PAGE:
Copy number variation analysis in the great apes reveals species-specific patterns of structural variation [RESEARCH]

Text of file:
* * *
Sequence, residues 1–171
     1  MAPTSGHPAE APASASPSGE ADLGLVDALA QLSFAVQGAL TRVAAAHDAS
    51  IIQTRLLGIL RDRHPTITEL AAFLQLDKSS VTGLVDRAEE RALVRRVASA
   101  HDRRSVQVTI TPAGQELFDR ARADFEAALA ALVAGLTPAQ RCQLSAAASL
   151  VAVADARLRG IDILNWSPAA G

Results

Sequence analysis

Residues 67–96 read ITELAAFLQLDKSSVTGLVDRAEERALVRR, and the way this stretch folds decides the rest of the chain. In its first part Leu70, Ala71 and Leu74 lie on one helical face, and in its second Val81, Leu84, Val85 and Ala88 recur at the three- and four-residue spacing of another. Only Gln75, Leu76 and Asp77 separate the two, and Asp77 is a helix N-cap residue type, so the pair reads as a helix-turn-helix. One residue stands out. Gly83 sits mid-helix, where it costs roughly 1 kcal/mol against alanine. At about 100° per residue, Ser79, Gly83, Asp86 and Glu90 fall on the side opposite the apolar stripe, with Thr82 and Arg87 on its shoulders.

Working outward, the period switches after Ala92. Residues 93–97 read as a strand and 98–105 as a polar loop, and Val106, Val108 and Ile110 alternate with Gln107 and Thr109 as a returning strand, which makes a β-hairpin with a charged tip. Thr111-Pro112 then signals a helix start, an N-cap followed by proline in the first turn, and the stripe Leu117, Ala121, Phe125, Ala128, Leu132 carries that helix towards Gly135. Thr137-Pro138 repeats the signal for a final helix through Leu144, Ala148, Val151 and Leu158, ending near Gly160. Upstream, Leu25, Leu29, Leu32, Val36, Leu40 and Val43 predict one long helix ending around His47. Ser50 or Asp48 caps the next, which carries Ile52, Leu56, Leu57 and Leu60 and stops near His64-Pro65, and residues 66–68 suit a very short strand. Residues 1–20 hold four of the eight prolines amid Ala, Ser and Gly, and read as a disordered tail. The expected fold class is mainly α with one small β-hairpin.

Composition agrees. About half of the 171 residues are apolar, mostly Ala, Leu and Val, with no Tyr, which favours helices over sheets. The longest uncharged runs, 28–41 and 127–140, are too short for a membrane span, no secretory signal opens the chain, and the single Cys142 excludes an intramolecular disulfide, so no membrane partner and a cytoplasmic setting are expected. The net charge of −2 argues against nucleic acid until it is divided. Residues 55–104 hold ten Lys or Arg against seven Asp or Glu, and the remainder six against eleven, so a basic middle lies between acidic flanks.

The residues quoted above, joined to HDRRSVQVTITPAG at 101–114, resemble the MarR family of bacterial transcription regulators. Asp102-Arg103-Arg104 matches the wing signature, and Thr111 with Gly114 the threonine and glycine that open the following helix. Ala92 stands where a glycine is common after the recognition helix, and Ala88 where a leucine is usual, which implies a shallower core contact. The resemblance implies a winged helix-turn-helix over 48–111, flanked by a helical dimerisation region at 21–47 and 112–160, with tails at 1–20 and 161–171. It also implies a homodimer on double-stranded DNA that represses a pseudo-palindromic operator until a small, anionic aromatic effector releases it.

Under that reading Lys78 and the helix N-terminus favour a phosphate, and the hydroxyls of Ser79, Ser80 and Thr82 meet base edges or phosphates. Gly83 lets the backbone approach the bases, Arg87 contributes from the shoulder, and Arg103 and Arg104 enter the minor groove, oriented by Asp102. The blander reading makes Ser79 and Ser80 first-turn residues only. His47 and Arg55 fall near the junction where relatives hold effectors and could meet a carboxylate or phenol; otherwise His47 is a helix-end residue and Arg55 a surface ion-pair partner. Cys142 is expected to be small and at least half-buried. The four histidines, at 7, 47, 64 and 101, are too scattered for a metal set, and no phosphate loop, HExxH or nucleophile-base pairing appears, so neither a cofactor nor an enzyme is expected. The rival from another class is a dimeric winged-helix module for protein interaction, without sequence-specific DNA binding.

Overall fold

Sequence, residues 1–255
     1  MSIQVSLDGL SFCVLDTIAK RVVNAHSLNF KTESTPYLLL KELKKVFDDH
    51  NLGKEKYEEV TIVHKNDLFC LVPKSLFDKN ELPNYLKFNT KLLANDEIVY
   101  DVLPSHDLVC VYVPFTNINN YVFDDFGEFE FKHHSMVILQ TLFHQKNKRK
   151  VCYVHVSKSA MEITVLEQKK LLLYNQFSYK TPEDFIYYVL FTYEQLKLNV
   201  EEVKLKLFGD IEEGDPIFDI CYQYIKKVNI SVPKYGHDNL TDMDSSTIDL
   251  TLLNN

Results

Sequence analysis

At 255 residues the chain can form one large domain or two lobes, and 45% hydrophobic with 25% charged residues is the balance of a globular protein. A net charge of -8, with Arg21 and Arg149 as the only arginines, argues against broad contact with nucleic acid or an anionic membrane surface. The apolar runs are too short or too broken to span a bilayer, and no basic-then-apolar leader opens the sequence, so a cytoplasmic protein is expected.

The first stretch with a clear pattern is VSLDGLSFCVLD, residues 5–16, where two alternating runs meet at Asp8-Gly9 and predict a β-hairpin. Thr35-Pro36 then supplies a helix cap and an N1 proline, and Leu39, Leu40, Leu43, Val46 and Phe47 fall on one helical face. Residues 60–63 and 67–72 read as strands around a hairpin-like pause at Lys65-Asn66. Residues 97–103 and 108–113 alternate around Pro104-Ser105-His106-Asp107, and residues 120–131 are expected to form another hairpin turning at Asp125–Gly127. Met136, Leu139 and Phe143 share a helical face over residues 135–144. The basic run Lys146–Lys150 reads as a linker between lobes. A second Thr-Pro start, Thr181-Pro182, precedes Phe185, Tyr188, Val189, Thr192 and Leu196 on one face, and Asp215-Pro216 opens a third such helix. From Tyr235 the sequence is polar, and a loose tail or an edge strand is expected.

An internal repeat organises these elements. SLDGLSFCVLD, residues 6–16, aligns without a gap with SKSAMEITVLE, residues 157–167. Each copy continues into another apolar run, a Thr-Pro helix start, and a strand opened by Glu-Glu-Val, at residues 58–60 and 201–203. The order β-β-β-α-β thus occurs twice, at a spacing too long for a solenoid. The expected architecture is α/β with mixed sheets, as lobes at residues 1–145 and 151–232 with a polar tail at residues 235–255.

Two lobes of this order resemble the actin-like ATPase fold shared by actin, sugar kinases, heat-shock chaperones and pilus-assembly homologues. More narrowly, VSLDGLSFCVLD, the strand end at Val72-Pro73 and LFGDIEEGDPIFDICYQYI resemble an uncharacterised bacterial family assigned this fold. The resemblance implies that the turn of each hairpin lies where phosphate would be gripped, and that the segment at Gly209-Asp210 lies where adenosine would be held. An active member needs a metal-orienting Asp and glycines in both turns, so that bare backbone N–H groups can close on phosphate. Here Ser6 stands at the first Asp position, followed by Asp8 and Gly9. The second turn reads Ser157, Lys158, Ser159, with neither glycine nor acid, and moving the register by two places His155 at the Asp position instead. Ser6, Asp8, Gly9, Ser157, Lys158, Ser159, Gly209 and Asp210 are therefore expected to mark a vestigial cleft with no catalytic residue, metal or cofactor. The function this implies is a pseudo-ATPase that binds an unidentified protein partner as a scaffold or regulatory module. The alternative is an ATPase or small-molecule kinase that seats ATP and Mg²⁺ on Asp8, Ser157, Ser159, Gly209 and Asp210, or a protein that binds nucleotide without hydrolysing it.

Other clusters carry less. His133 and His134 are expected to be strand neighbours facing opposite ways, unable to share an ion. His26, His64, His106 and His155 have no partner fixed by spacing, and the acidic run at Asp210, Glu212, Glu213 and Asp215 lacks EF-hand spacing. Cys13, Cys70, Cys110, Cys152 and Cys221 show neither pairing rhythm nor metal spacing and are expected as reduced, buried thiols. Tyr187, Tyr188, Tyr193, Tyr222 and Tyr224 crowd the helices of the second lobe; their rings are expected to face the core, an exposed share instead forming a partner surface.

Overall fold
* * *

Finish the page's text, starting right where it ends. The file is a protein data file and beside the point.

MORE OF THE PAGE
Copy number variants (CNVs) are increasingly acknowledged as an important source of evolutionary novelties in the human lineage. However, our understanding of their significance is still hindered by the lack of primate CNV data. We performed intraspecific comparative genomic hybridizations to identify loci harboring copy number variants in each of the four great apes: bonobos, chimpanzees, gorillas, and orangutans. For the first time, we could analyze differences in CNV location and frequency in these four species, and compare them with human CNVs and primate segmental duplication (SD) maps. In addition, for bonobo and gorilla, patterns of CNV and nucleotide diversity were studied in the same individuals. We show that CNVs have been subject to different selective pressures in different lineages. Evidence for purifying selection is stronger in gorilla CNVs overlapping genes, while positive selection appears to have driven the fixation of structural variants in the orangutan lineage. In contrast, chimpanzees and bonobos present high levels of common structural polymorphism, which is indicative of relaxed purifying selection together with the higher mutation rates induced by the known burst of segmental duplication in the ancestor of the African apes. Indeed, the impact of the duplication burst is noticeable by the fact that bonobo and chimpanzee share more CNVs with gorilla than expected. Finally, we identified a number of interesting genomic regions that present high-frequency CNVs in all great apes, while containing only very rare or even pathogenic structural variants in humans.